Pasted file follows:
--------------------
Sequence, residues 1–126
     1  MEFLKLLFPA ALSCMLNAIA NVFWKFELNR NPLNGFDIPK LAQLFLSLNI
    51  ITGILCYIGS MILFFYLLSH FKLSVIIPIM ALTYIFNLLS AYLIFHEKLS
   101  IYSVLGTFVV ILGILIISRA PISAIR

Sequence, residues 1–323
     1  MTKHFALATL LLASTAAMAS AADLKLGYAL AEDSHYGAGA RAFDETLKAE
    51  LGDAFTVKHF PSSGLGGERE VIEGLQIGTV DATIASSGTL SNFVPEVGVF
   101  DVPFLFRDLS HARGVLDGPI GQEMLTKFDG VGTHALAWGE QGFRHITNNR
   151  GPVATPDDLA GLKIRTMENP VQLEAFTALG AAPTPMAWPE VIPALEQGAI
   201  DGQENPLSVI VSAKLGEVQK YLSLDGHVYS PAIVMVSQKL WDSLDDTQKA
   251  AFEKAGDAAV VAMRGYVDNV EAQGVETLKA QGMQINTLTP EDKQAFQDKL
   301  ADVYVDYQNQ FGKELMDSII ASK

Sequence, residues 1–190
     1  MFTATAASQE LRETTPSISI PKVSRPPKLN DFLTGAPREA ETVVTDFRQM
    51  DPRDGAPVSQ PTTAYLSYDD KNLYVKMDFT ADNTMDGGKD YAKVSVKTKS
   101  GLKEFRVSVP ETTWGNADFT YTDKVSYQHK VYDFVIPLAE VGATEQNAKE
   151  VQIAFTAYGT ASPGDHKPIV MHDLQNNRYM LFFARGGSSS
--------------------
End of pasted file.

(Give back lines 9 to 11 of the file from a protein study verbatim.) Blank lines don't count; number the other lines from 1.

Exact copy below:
   151  GPVATPDDLA GLKIRTMENP VQLEAFTALG AAPTPMAWPE VIPALEQGAI
   201  DGQENPLSVI VSAKLGEVQK YLSLDGHVYS PAIVMVSQKL WDSLDDTQKA
   251  AFEKAGDAAV VAMRGYVDNV EAQGVETLKA QGMQINTLTP EDKQAFQDKL